A teacher and a pupil cast their professional eyes over two adventurous children's books
Tom Fletcher and the Angel of Death. Sarah Matthias. Catnip Publishing. pound;10.
I found this novel difficult to get into. Some of the sentences were too long and overly descriptive with unfamiliar words - certainly beyond the scope of an average nine to 11-year-old. I also needed to refer back to the list of characters before the prologue as the story did not readily place them in context. This interrupted the natural flow of the storyline on a number of occasions.
The plot is set in a monastery in the year 1220 and involves murder and blackmail with Tom Fletcher, a novice monk, acting as detective.
Sarah Matthias has tried to grasp the reader's attention immediately by describing in the prologue how a young boy had been eaten by a lion being kept in a cage at the monastery. This heightened expectations which were not met in following chapters.
It was not until halfway through the book that I began to feel the characters came alive and my interest awakened. As the plot unfolds, Tom and his friends develop their own personalities, allowing the reader to sympathise with their cause. There is also some humour between The King's Justice and his Clerk, which adds light relief - as well as tension - to the plot in that the murderer needs to be revealed before the incorrectly accused is killed in his stead.
I had hoped to learn more about the customs and life in the 13th century from this novel and certainly there are a number of references to festivals, medicines and the disquiet between religions. However, I did not feel that I had been completely transported to a different era.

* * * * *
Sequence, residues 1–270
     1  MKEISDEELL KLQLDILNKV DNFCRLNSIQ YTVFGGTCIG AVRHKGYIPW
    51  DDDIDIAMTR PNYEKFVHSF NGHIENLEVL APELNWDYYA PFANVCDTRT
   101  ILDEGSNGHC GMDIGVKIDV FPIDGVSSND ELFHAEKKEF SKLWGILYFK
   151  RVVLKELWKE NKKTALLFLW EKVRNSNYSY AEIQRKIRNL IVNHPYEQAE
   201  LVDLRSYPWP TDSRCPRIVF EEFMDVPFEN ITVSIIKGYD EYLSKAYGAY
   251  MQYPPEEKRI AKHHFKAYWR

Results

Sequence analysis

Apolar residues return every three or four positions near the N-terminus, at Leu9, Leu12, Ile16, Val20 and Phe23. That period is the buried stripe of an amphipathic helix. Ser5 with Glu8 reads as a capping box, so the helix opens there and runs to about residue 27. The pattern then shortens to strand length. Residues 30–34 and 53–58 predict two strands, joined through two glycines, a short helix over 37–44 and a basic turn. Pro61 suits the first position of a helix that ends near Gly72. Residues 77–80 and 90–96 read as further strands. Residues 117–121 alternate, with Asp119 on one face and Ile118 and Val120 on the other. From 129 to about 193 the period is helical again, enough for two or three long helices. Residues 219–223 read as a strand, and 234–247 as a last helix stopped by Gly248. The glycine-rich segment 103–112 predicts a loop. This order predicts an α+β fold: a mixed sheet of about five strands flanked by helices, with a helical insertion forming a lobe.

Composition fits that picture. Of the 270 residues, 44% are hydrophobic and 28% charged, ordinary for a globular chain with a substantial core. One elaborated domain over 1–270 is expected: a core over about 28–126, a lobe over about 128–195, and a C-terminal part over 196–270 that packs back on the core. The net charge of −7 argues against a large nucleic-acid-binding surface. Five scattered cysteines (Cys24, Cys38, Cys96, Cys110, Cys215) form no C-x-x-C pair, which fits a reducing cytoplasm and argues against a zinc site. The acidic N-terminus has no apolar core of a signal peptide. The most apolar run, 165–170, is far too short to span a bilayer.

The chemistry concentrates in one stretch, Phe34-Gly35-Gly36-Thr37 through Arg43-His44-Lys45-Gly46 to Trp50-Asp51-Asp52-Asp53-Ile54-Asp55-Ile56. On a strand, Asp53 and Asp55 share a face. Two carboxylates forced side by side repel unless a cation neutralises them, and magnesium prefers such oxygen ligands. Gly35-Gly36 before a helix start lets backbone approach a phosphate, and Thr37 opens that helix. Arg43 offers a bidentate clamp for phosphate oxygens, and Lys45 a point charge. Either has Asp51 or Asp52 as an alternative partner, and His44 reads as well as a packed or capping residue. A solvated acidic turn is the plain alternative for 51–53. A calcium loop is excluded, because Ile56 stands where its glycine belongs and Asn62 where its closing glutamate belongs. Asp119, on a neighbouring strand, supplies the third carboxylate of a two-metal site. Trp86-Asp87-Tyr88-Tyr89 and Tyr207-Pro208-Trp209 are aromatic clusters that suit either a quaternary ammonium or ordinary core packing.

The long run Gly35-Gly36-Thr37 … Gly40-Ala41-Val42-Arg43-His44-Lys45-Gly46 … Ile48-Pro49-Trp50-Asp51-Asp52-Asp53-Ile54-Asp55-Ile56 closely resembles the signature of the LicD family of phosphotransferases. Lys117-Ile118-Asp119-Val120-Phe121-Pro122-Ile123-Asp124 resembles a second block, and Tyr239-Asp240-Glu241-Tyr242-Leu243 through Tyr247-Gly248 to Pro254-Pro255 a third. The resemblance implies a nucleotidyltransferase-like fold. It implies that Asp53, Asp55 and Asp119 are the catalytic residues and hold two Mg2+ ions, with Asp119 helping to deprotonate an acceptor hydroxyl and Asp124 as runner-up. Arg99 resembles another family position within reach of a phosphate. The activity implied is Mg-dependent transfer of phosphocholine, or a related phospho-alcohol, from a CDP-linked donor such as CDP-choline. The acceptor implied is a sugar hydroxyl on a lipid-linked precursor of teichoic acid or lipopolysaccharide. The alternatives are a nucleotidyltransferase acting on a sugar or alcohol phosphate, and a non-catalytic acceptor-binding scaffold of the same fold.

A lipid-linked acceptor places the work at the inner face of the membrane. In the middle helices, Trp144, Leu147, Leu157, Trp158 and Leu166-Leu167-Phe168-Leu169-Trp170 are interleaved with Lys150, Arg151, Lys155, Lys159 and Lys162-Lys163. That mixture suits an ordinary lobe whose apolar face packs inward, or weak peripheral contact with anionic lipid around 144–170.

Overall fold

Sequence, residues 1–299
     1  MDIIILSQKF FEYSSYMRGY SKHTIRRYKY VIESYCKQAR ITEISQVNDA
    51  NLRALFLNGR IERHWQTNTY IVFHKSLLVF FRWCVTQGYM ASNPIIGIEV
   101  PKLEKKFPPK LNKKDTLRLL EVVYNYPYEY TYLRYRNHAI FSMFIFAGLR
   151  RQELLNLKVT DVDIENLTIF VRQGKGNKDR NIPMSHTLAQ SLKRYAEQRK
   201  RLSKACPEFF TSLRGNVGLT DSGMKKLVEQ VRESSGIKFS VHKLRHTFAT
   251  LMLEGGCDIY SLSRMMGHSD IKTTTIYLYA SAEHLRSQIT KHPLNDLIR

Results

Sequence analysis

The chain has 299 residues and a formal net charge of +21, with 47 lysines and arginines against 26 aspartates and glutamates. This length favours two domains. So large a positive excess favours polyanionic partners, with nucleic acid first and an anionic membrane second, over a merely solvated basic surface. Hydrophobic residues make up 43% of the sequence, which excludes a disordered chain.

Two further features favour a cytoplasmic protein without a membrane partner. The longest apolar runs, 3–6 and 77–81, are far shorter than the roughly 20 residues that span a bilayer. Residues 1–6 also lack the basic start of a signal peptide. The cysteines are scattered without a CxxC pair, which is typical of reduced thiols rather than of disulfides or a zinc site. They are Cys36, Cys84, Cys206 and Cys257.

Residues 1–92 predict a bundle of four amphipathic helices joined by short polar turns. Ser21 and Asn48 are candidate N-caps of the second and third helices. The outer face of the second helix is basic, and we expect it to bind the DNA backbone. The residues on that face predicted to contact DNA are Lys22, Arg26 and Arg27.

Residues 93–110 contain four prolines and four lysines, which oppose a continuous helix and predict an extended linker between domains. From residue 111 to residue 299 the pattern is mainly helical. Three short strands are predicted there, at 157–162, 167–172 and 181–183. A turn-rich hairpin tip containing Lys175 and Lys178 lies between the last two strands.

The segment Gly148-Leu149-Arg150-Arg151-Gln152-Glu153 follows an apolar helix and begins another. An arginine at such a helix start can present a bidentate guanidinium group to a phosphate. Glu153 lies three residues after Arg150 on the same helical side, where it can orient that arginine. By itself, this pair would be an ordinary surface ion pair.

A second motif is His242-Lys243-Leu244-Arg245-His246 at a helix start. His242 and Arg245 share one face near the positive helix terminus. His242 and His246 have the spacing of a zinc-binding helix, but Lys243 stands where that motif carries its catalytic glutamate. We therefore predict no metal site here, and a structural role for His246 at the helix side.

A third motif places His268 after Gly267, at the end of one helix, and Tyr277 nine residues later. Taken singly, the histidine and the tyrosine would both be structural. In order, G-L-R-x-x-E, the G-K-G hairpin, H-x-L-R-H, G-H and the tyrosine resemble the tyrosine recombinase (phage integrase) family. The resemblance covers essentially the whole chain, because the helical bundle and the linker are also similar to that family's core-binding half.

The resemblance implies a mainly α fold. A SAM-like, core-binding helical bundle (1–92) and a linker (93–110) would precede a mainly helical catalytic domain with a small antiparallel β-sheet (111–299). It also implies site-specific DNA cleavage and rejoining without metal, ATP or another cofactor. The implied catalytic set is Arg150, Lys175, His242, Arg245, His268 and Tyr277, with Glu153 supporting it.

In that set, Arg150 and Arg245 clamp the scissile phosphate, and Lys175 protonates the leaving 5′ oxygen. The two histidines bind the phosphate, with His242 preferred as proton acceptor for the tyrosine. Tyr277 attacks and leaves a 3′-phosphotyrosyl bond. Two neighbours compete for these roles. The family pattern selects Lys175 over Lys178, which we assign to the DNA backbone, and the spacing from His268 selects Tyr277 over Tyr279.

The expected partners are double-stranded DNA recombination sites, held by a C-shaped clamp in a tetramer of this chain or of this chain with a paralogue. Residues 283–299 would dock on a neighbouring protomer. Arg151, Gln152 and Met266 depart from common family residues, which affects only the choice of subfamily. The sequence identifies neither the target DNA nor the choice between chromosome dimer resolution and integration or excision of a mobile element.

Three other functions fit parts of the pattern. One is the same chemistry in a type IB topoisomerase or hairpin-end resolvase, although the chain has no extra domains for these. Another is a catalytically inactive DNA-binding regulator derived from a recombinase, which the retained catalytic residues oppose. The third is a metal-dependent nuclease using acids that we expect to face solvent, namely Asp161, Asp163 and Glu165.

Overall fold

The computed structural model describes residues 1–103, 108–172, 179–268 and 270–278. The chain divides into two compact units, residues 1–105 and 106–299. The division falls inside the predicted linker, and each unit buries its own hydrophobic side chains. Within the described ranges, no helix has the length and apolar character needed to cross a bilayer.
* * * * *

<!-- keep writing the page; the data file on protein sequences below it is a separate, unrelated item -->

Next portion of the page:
I enjoyed the second half of the book, which certainly gathered pace. The plot is interesting and includes a number of twists and turns but takes far too long to unravel. More suspense is needed and clues given to fully engage the reader.
The book is divided into neat, bite-sized chapters but there are few cliffhanger endings. Some of the words used are difficult and not found in everyday use, particularly with regard to the target age group. It could be used as a springboard for discussion on the merits of right and wrong and to add background to life in the 13th century, but overall it is not a book I recommend as a "good read".
- Linda Walmesley teaches art and design at St Edmund's Catholic School in Dover, Kent.
Special Operations: Dogfight. Craig Simpson. Corgi Children's. pound;5.99.
"Oh no, it's about the war," was my first response to this book. I've never much enjoyed novels centered on that period of history. Perhaps this is because many written for children focus on the plight of evacuees who are packed off to some boring place in the country, away from all the action. This book surprised me though, because it's based on two Norwegian teenagers (Finn Gunnersen and Loki Larson) who are pretty much in the middle of it all.
The action begins before Norway is invaded and drawn into the conflict. Finn's dad, a pilot, has gone to fight and Finn is left with his older sister and mother. I found Finn's character sympathetic and easy to identify with because he's brave, yet vulnerable.
The fact that it's written in the first person, from the point of view of someone my age, made it more appealing.
Craig Simpson's writing drew me in and made me forget about what year it was, and focus more on the action. Dogfight is written in a modern way, so it is far easier for today's readers to get into than books written years ago.
The first few pages are taken up with pictures and information about the aircraft that you come across later in the book, which helps those who don't know much about them.
It also makes the book attractive to readers interested in engineering and mechanics, as well as history.
At 352 pages, the book is long but full of action. This doesn't, however, mean that you lose sight of historical fact. Dogfight gives a fair amount of information about the Second World War and in a unusual way, because it's set in Norway.
I was interested to view the war from another perspective and learn about the resistance movement in Norway and how people tried to overthrow the Nazis.
Unusually, instead of building to one big action-packed scene at the end, action was consistently paced throughout, which made the ending a little anti-climactic. This isn't a major concern though, it just made it different.
Dogfight is a twisting tale of conspiracy, action and espionage, and I highly recommend it.
It would particularly appeal to boys who have enjoyed authors such as Robert Muchamore or Anthony Horowitz.
Oisin Fogarty, 14, is home-schooled in St Albans.